about writing and life and God

Surprising heroines? The fisher lassies of Scotland

on September 3, 2012

As planned and promised, I’ll focus on the background to my novel-in-progress Monday through Thursday. It’s a Christian historical: a tale of a family, torn apart by the aftermath of the First World War. It is set amongst the herring fishing communities of Britain’s East Coast, mainly my home town of Wick (far north-east of Scotland) and Great Yarmouth in East Anglia (I live now about an hour away from Yarmouth).

I’ve always loved historical novels. I find the history and the background gripping. I love Regency novels and am a great fan of Georgette Heyer. I’ve even got books about the detailed background research she did. Currently in the UK, we’ve got a trend for First World War stories – most well-known is probably the very popular Downton Abbey. The first series is currently being re-run, and there’s a new series promised.

What I’ve noticed is that such popular books and series seem to focus on the well-to-do in society. Heyer’s novels present the aristocracy, and entry to the aristocracy through marriage, as the ideal. Downton Abbey did include storylines about the staff but the focus is on the titled folk.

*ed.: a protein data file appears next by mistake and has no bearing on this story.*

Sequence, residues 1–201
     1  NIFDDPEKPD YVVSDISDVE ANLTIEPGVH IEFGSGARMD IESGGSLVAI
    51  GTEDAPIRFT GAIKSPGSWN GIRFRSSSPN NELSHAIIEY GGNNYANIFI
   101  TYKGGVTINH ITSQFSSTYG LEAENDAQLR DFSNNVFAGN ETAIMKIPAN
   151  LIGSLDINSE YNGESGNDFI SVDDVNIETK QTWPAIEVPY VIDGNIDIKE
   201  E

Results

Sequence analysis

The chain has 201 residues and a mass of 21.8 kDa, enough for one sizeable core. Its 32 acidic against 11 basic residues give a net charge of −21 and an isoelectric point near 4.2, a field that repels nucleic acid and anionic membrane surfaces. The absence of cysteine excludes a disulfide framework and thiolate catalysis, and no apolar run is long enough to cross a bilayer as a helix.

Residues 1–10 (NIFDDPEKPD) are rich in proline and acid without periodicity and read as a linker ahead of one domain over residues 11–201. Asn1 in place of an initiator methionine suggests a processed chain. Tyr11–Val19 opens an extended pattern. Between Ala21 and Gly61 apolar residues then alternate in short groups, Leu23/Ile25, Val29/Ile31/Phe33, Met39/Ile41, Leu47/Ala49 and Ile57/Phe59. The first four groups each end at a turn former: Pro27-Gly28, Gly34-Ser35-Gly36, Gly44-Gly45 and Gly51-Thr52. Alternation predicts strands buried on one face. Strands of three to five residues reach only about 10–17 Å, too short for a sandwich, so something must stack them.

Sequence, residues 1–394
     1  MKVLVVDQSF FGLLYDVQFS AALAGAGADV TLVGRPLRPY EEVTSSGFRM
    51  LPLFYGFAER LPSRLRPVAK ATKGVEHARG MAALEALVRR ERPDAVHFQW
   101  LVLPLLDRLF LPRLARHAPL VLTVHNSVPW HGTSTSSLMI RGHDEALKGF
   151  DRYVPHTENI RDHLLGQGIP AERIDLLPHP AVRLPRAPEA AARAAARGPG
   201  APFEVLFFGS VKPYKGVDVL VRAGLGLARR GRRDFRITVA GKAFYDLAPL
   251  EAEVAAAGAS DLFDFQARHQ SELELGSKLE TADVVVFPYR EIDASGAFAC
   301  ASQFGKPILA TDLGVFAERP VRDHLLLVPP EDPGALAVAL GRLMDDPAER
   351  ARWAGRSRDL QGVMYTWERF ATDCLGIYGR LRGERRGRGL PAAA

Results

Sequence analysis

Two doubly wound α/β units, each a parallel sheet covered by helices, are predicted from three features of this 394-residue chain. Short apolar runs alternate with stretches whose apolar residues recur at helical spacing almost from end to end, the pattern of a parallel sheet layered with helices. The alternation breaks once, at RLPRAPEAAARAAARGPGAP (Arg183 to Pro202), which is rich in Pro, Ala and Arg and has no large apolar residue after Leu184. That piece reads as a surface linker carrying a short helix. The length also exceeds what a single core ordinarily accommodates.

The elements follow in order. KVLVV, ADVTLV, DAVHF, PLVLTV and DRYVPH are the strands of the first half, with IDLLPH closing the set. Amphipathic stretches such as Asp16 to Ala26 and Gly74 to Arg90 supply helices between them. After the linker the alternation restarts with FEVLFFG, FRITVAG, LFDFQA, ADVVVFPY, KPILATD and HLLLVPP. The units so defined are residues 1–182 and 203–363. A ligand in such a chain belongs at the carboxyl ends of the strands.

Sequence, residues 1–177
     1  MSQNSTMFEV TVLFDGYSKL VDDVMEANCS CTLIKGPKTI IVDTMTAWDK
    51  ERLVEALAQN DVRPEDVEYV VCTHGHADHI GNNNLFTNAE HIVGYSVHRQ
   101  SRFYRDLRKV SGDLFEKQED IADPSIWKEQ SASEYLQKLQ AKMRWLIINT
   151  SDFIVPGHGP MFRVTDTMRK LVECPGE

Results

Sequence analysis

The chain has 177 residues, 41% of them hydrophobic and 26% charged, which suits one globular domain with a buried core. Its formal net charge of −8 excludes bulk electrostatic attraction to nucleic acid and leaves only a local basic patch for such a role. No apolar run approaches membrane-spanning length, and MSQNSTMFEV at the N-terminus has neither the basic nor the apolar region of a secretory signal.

The heroines in my story are not aristocrats. (Scotland is a radically egalitarian society, thanks to the Reformation.) My heroines come from that band of hard-working women and girls who kept the herring industry thriving right up to the 1950s.

Herring can be packed in ice and then sold and shipped on but in the period of my book – the 1920s – the most popular type of herring had been gutted and packed in brine in barrels: the Scotch cure. This only works if the herring are really, really fresh – so they had to be gutted and packed the day the fish were landed.

It was  a slick operation:  the boats (steam drifters) went out late afternoon, fished at night and then raced for the harbour to get the best prices on their catch. Lorries loaded with ‘the silver darlings’ as they were called then headed for the nearby curing yards where the fisher lassies waited by the farlins (big table-top troughs) for the herring to to be tipped in – and then it was back-breaking work till all the herring had been processed.

The women worked in crews of three: two gutting, one packing. It was highly skilled work. Gutters could process up to 30 fish a minute! A good crew could produce 30 barrels in a day of ten hours’ work.

They came from the fishing towns all around the coast, following their menfolk’s boats which were following the migration of the herring – from the Western Isles, up to Orkney, down to Wick, and finally for the autumn fishing in Yarmouth and Lowestoft.

I love these lassies – aged from 15 to well into their seventies! They’re lively, adventurous, hard-working, many of them women of strong faith who sang hymns while they worked. More about them tomorrow!


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